Beijing plans to fine drivers and companies who provide transportation services via apps such as Uber or its Chinese competitors DiDi Taxi and Kuaidi up to 20,000 yuan ($3,200) as part of a crackdown on unlicensed taxis. Such services have already been banned in other major Chinese cities, including Shanghai.

Sri Lankan voters are electing their next president today in what the BBC describes as an “unexpectedly close election” in which incumbent Mahinda Rajapaksa, who has been in office since 2005, is facing one of his former allies, ex-Health Minister Maithripala Sirisena. Security has been increased in and around polling stations.


Scientists have discovered a new antibiotic that they say is capable of fighting a wide range of infections without being rendered ultimately less effective because of resistance, The Wall Street Journal reports.

As Les Echos Julien Dupont-Calbo writes, the "devs" who code our digital world are so rarefied and vital they can dictate their own terms. Companies will do almost anything to recruit them, but like birds, they tend to fly. “Without these digital creators, an iPhone would just be an expensive empty shell,” the journalist writes. “‘Digital is devouring the planet, and devs are living in the golden age,’ says Nicolas Petit, the No. 2 at Microsoft France. So with the winds of history in their favor, it’s not surprising that they’re taking advantage of that fact.”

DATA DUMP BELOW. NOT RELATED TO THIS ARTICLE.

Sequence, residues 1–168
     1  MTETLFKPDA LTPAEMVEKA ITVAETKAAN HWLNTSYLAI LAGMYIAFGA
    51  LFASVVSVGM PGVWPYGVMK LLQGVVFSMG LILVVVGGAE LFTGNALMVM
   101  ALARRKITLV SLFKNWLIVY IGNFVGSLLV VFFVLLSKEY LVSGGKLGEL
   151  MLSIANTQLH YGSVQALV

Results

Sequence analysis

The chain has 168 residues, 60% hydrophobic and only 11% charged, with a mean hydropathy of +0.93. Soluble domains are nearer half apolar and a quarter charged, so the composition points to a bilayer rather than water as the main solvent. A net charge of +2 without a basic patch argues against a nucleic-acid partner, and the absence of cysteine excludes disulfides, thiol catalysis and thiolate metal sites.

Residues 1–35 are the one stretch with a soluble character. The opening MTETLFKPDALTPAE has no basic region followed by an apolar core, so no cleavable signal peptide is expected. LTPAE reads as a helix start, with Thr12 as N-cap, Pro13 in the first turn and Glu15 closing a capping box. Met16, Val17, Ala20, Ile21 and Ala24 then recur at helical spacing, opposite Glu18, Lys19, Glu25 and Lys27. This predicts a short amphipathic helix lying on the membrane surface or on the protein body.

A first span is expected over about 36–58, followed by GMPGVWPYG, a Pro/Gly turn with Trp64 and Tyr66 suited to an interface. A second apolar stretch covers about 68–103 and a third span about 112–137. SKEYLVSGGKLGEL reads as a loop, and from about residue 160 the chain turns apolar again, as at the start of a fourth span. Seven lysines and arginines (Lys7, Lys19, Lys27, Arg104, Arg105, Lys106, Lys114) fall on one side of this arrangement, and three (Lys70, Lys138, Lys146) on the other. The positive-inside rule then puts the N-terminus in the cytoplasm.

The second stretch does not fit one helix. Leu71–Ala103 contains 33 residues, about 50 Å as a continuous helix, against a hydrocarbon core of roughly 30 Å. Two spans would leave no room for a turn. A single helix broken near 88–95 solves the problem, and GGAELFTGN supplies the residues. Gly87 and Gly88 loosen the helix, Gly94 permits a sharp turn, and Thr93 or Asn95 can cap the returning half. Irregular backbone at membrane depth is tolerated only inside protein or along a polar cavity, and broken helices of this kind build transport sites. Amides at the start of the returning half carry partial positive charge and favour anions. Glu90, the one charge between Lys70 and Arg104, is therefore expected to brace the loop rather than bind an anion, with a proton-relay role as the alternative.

Read the full article, Developers, Rock Stars Of The Digital Age.

The World Health Organization said yesterday that the spread of Ebola in Sierra Leone, the country worst affected by the deadly virus, is showing signs of slowing despite 248 new cases reported in the past week. But the situation in West Africa still remains critical, with a total of 8,235 deaths stemming from 20,747 cases. A clinical trial for a treatment drug has started in Liberia.

Most of the world’s fossil fuel reserves should remain where they are and not be burned if we are to prevent global temperatures from rising over the safety limit of 2 °C (35 °F), The Guardian reports. Researchers have said that 82% of coal reserves, as well as 49% of gas and 33% of oil, should not be exploited if we want to mitigate climate change.

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Happy birthday to Stephen Hawking. And see what other events have shaped Jan. 8 in our daily video feature On This Day.

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The Problem With Always Blaming Climate Change For Natural Disasters